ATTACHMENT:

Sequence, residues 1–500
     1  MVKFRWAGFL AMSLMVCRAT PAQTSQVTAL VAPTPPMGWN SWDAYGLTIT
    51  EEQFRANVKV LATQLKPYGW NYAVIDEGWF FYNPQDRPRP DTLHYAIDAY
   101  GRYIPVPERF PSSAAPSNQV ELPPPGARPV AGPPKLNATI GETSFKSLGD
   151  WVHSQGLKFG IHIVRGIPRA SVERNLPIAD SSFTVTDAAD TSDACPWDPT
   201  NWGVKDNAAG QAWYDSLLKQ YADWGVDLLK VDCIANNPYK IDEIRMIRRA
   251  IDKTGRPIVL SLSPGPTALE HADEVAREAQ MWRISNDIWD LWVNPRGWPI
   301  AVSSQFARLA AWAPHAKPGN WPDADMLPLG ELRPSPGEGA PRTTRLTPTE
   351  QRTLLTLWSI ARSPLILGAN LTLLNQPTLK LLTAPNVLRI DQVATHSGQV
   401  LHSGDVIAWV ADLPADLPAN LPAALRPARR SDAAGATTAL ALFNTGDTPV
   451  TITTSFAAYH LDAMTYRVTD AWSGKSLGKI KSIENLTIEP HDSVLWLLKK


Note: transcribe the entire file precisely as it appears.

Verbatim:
Sequence, residues 1–500
     1  MVKFRWAGFL AMSLMVCRAT PAQTSQVTAL VAPTPPMGWN SWDAYGLTIT
    51  EEQFRANVKV LATQLKPYGW NYAVIDEGWF FYNPQDRPRP DTLHYAIDAY
   101  GRYIPVPERF PSSAAPSNQV ELPPPGARPV AGPPKLNATI GETSFKSLGD
   151  WVHSQGLKFG IHIVRGIPRA SVERNLPIAD SSFTVTDAAD TSDACPWDPT
   201  NWGVKDNAAG QAWYDSLLKQ YADWGVDLLK VDCIANNPYK IDEIRMIRRA
   251  IDKTGRPIVL SLSPGPTALE HADEVAREAQ MWRISNDIWD LWVNPRGWPI
   301  AVSSQFARLA AWAPHAKPGN WPDADMLPLG ELRPSPGEGA PRTTRLTPTE
   351  QRTLLTLWSI ARSPLILGAN LTLLNQPTLK LLTAPNVLRI DQVATHSGQV
   401  LHSGDVIAWV ADLPADLPAN LPAALRPARR SDAAGATTAL ALFNTGDTPV
   451  TITTSFAAYH LDAMTYRVTD AWSGKSLGKI KSIENLTIEP HDSVLWLLKK